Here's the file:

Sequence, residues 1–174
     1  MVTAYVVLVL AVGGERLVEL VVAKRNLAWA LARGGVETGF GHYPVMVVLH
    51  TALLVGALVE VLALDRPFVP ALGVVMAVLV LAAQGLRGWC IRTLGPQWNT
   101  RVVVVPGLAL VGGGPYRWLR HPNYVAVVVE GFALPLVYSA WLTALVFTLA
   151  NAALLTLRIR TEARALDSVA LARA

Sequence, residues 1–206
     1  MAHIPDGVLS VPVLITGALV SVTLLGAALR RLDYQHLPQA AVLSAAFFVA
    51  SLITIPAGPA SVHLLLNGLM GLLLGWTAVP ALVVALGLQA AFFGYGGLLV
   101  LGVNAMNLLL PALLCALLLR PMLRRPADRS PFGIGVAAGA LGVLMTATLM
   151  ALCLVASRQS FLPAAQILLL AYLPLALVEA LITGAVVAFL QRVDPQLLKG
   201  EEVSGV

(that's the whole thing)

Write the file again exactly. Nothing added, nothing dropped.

Sequence, residues 1–174
     1  MVTAYVVLVL AVGGERLVEL VVAKRNLAWA LARGGVETGF GHYPVMVVLH
    51  TALLVGALVE VLALDRPFVP ALGVVMAVLV LAAQGLRGWC IRTLGPQWNT
   101  RVVVVPGLAL VGGGPYRWLR HPNYVAVVVE GFALPLVYSA WLTALVFTLA
   151  NAALLTLRIR TEARALDSVA LARA

Sequence, residues 1–206
     1  MAHIPDGVLS VPVLITGALV SVTLLGAALR RLDYQHLPQA AVLSAAFFVA
    51  SLITIPAGPA SVHLLLNGLM GLLLGWTAVP ALVVALGLQA AFFGYGGLLV
   101  LGVNAMNLLL PALLCALLLR PMLRRPADRS PFGIGVAAGA LGVLMTATLM
   151  ALCLVASRQS FLPAAQILLL AYLPLALVEA LITGAVVAFL QRVDPQLLKG
   201  EEVSGV